All good things come to an end and nothing lasts forever…except diamonds of course.
Whether or not Spectre is the end of the Daniel Craig era proper, the spirit of change that Craig’s run as 007 has certainly passed. That much is made obvious by even a casual fan of the Bond franchise and/or someone who has seen all four films in Craig’s reign (Casino Royale, Quantum of Solace, Skyfall, Spectre).
The name of the film was in advance, a not so subtle signal to the return of the franchise’s glory days.
From Dave Batista’s character being a nod to Jaws, to the full fledged return of the Spectre organization, and its leader Ernst Stavro Blofeld. Whereas Casino Royale and Quantum of Solace forcefully took the franchise in a bold new direction, Spectre is a return to the classic Bond archetype better and for worse.
The prior Craig films would often give a twist and a tip of the cap to prior Bond iconography. Even at times seeming to poke fun at some of the archetypes the franchise created and leaned heavily upon over the course of the last half century. Spectre at times seemed like a parody of the franchise made by the franchise to set up the future of the franchise.
Both Bond girls become stereotypical Bond girls and do so rather quickly. Bond’s car and gadget(s) are presented in flippant manners. The reveal of Christopher Waltz’s character as Blofeld is done in a setting/location that is a composite of the most stereotypical Bond villain hideouts and locales.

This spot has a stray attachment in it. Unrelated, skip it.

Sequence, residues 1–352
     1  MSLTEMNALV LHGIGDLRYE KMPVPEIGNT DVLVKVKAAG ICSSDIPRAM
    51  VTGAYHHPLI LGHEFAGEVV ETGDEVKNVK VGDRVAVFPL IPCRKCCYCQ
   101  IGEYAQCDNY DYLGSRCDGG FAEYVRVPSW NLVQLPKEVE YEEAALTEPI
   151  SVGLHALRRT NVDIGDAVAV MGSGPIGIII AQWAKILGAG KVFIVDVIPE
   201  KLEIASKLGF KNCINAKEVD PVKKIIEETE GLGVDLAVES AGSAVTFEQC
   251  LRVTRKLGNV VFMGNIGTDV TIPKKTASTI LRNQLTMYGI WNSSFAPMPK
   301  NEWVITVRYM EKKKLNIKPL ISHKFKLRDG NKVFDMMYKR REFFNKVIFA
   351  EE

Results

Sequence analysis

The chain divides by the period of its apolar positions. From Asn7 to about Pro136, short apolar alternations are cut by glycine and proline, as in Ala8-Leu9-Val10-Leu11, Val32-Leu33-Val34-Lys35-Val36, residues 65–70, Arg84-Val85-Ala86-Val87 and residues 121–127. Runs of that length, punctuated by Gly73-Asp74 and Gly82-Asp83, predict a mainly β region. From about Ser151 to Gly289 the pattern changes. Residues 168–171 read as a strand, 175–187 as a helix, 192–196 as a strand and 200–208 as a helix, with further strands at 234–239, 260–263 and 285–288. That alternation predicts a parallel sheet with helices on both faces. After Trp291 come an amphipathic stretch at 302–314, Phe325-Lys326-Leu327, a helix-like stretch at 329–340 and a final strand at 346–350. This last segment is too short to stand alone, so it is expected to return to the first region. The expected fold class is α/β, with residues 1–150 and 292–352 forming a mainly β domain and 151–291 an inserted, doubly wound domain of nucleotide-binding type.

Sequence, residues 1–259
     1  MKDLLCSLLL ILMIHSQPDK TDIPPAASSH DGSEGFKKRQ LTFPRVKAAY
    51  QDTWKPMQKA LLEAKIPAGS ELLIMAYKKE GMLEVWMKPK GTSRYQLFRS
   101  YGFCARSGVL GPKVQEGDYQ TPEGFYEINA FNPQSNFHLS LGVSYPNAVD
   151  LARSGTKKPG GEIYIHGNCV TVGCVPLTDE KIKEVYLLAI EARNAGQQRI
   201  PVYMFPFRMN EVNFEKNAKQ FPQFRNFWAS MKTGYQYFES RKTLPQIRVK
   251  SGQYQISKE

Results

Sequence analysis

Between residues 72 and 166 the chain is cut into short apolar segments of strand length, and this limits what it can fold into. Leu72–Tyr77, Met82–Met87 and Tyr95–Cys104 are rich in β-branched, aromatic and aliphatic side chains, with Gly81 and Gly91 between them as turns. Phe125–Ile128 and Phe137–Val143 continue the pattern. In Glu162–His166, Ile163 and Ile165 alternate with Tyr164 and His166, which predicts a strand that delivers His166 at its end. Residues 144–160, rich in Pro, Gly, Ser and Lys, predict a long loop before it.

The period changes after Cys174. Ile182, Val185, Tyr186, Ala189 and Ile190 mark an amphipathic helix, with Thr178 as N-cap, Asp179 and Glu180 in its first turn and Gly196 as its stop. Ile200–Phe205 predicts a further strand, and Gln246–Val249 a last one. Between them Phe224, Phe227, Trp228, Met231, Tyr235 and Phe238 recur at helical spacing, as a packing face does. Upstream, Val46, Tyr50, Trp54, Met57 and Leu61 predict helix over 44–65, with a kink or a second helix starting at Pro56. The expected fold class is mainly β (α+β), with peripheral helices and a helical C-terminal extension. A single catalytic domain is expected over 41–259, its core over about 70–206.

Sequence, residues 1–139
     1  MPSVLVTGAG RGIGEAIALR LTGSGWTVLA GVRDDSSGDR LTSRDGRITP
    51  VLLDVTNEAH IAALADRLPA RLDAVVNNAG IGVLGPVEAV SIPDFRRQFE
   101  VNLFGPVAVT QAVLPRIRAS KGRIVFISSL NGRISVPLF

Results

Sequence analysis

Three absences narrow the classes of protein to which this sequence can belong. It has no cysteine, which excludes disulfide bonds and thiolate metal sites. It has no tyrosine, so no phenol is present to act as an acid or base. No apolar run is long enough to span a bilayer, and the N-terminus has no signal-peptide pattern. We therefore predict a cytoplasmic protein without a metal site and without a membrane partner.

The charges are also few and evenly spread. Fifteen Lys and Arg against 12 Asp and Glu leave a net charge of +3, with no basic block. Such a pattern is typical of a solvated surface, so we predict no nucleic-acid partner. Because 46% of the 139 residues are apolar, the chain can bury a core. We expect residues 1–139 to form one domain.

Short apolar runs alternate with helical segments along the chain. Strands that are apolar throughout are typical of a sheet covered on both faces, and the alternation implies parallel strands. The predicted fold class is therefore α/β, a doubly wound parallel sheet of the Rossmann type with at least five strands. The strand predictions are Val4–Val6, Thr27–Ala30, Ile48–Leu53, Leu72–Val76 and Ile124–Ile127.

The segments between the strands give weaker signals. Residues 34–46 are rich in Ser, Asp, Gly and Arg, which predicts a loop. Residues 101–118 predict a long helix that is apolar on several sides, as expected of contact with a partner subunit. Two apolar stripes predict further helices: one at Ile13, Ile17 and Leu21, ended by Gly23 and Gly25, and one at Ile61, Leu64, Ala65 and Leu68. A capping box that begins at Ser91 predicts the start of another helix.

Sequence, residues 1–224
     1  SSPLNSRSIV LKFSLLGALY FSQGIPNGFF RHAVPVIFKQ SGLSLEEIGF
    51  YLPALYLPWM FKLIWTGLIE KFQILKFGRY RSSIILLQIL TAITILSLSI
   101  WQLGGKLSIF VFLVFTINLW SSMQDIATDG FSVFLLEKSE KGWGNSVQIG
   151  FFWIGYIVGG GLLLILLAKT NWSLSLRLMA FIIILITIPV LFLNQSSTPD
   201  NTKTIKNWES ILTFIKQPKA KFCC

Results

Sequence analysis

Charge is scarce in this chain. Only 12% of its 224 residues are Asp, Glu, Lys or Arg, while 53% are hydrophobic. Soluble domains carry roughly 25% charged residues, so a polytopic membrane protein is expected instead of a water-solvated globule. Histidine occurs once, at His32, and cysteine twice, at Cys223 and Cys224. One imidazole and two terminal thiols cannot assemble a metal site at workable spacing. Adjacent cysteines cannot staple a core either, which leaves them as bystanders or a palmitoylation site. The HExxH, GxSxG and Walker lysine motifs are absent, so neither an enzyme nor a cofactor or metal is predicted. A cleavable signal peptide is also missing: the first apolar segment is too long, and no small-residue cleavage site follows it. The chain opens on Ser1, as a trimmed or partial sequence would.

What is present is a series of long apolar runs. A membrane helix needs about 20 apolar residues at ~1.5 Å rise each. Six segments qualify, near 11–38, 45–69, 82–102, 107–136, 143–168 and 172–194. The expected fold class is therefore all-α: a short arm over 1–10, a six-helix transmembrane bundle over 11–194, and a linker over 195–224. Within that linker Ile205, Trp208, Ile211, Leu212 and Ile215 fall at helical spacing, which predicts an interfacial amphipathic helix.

One must wonder why they ever diverted the franchise off course if to only bring it right back on it after less than a handful of films. I liked the new direction the Craig films took. But Skyfall was more of a traditional Bond film, so there were really only two films that upended the franchise to chart a new modern course in the modern era of major motion pictures.
Die Another Day although not as bad as some remember, certainly jumped the shark with virtually every aspect of the Bond franchise. A reboot to some degree was warranted after the invisible car chase. But to come full circle and go right back to tongue and cheeky within ten years and four films of the gritty, edgy, more realistic 007 seems trite at best and lazy at worst.
I’m all about a return to the roots. Bring on the lazers, jetpacks, and sexual innuendo named women. Why not make the next film a tip of the cap to the Austin Powers? At times, that’s what Spectre felt like.
I never cared that the franchise was being upended and made grittier when the Craig era started. I cared that the money making franchise started making quality, stand alone, artistic films again. The previous films (Casino Royale, Quantum of Solace, Skyfall) had cinematography that rivaled any other film that came out that year. The mise en scené of almost every frame was great filmmaking. A quest to make art seemed to replace the thirst to make more money.
Spectre was indeed a return to the classic Bond archetype. For better and for worse.
Those classic Bond movies were made for popcorn entertainment and for making money. Perhaps the gears of the money making machine that is modern motion picture making finally chewed up and spit out the artistic spirit of the franchises’ modern era. Perhaps that has something to do with director Sam Mendes and star Daniel Craig both vehemently stating they don’t want to return to the franchise.
Perhaps what is old is simply new again.
If that is the case, where can I place a substantial monetary bet that the title of the next Bond film will have the word Gold somewhere in it?